Interesting that your builder is charging extra for the gas line. Is he
including a circuit for an electric dryer in for free? I've been offered
one or the other at no charge with the 2 houses I've had built. The person
who suggested putting in both had a pretty good suggestion. Relatively
inexpensive, when you consider the price of your townhouse, the monthly
payment you make will change by only pennies, probably.
Keep in mind that if gas prices go up, electric rates may rise right along
with them. Many utilities burn natural gas to generate electricity. Some
may switch to another fuel if they can, but that fuel would likely rise as
That said, when we switched from an electric dryer to natural gas a decade
ago, we noticed a several dollar per month drop in our electric bill. Maybe
$75 per year. We did not notice much of an increase at all in our gas bill.
So call it maybe $65 per year, so total payback in less than 3 years. Your
results will vary based on the utility rates in your area. In this area,
electricity is relatively inexpensive $0.07 per kwh. and gas is about 77
I've had to replace one timer on my electric dryer in the 5 years I've owned
In the 12 years I've owned 2 gas dryers, both Maytags, no repairs needed.
Hardly representative, I know, but that's my experience.
The Advantage of a house with all electric appliances instead of gas
is that you don't have to run natural gas lines through the home.
For those of you who are safety oriented this can be important if you
are concerned about gas building up inside the house and a huge
explosion leveling the whole property afterwards. Some apartments and
condos don't have any gas at all in the for that very same reason
because the risk is greater.
If not in explosion then the residents can get gassed out and killed
while they are sleeping. There was a time long ago when lighting
fixtures were not electric but has gas coming through them and burned
gas to create light. I don't think it's even documented how many
people died from being gassed out from the gas itself or from the
buildup or carbon dioxide or from being burned.
For those of you who live in earthquake country your better off not
having gas if you want to be safe. This is why it is mandatory to
know exactly where is the main gas shut off valve for your house so
that you can immediately secure your residence by getting a wrench and
turning the valve closed so that your house won't explode.
There is one other thing, I don't know if Gas lines can freeze up the
way water lines do. You can't know everything and I wish somebody
would pitch in on the matter.
Scour the Internet for the situation where a gas main exploded and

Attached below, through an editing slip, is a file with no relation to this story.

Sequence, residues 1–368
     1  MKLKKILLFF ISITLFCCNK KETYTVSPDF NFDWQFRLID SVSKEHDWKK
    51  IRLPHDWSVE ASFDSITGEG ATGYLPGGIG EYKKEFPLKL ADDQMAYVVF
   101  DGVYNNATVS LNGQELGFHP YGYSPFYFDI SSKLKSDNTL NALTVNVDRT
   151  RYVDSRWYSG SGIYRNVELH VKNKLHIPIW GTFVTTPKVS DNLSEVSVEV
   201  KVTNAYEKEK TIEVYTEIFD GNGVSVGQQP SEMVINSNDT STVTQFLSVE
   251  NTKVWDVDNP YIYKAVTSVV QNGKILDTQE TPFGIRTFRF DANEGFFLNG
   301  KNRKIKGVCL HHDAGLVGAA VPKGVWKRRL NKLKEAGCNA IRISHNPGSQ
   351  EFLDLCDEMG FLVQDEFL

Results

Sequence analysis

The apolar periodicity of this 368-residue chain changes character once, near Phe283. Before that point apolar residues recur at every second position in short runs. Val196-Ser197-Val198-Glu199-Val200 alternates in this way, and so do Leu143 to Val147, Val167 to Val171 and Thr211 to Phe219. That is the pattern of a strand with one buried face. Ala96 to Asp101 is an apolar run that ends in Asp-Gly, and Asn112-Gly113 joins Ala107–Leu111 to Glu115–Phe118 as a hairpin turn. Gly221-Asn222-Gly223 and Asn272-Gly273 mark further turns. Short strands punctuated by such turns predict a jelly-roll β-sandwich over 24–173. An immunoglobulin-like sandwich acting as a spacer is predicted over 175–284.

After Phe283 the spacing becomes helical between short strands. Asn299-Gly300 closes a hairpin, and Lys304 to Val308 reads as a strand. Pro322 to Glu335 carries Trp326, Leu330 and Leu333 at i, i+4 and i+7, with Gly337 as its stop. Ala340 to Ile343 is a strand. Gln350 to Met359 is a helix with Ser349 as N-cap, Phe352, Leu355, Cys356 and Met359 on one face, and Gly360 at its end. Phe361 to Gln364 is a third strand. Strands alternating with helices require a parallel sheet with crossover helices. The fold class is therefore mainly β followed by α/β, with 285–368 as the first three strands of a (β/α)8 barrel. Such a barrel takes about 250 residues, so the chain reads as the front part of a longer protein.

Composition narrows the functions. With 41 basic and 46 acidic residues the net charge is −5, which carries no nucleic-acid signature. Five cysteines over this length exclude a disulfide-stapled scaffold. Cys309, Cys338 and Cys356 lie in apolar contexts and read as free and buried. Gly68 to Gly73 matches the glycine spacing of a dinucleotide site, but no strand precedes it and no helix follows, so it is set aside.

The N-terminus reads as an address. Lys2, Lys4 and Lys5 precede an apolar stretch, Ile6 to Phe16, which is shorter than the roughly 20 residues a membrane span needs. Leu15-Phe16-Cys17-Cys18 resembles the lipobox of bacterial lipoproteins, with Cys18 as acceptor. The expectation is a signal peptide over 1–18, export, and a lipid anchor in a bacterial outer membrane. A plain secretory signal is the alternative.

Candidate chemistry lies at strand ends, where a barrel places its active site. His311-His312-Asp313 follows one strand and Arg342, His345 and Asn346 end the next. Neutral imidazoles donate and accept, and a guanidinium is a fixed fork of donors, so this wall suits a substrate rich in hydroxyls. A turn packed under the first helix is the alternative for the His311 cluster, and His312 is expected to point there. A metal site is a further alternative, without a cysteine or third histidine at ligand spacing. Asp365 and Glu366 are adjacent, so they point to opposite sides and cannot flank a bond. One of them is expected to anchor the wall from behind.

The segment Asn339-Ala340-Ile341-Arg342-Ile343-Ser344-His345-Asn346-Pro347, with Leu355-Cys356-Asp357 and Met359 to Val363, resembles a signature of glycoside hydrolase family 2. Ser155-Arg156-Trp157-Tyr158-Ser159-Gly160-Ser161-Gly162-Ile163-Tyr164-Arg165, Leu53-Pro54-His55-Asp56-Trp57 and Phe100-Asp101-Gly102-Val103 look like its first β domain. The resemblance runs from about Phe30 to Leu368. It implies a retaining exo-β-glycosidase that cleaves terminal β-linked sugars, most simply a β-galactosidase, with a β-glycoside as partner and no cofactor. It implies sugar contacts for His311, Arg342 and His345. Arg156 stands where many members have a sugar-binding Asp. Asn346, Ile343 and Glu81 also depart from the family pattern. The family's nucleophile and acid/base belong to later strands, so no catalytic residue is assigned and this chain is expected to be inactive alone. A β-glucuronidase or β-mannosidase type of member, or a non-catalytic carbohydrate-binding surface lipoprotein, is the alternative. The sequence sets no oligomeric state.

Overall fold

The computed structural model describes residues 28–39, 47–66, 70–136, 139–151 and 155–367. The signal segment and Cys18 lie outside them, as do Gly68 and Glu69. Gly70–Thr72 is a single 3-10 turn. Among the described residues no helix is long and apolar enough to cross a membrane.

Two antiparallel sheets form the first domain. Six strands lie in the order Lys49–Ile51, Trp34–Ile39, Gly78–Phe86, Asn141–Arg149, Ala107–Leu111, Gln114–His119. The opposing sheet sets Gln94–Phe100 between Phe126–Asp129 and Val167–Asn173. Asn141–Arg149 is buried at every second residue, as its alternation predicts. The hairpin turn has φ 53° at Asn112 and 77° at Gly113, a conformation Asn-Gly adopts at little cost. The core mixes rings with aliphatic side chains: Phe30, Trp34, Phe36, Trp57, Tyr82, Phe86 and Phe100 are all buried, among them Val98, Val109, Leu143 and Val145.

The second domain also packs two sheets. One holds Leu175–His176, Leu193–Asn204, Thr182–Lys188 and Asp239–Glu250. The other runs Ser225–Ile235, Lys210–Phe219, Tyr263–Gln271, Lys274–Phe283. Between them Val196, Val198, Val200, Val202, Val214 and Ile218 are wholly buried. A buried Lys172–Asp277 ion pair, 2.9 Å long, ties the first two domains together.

burned a whole community somewhere in California. There was a
situation once where a train derailed at a bedroom community. Two
houses were leveled I believe because they were by the tracks that was
a sharp turn. (stupid place to build a house in my opinion) Silently
underground there was a serious problem being a fracture in the main
gas line. Days later after the train derailment the line burst and
gas was shot up hundreds of feet into the air. Minutes later the
worst imaginable had happened once all of that fuel ignited. It was
such a great tragedy indeed and I still remember watching it on a
documentary as if it were only yesterday. Some of those poor people
who were still alive to talk about it, it was tragic.
My, what amazing fear-mongering about natural gas. Are you paid by
the electric company, or what? Here's a different point of view, from
Natural gas is one of the safest energy sources available to
homeowners and businesses alike. By itself, natural gas will not
ignite. For ignition to occur, a mixture of gas between four and 14
percent must combine with air. Also, gas must have an ignition
source with a temperature of 1,100 degrees Fahrenheit or more before
it will ignite.
Because gas is lighter than air, it will rise and disperse. That's
why you should open windows and doors if you smell gas.
I suspect that if you research the subject, you will find that more
people are injured or killed and more property is damaged as a result
of electrical fires than as a result of gas leaks.
You mentioned, without any details, a gas main explosion which "burned
a whole community somewhere in California." If that really happened,
then sure, it's a terrible tragedy. But the fact that it happened
doesn't really prove much about the safety of natural gas, any more
than Boston's great molasses flood of 1919 proves anything about the
safety of molasses.
One of the neat things about pilot lights and gas leaks is
that since the pilot light is always burning, it is always
burning off any gas in its vicinity. So no, a pilot light is
unlikely to ignite an explosion as a result of a small gas
As for large gas leaks, they just don't happen that often, and
as I said before, I'm fairly certain that more people are
injured by electricity-related accidents than gas-related
Irrelevant if the fires happen much more often than the
I submit that the reason why every pretty much gas leak and
explosion is reported in the media is because they happen so
On Tue, 24 Jun 2003 15:02:49 +0000 (UTC), email@example.com
(Jonathan Kamens) wrote:
Death caused by electricity (both directly via electrocution, and by
short-circuit induced fire) is at least several magnitudes more a
concern than the dangers involved with natural gas leaks. It's funny
how in the earthquake capitol of the USA, Gas is king, by far.
Propane is more of a concern than natural gas, being heavier than air.
BRENT - The Usenet typo king. :)
Fast Times At Ridgemont High Info http://www.FastTimesAtRidgemontHigh.org
i looked specifically for a place with natural gas appliances, and heating.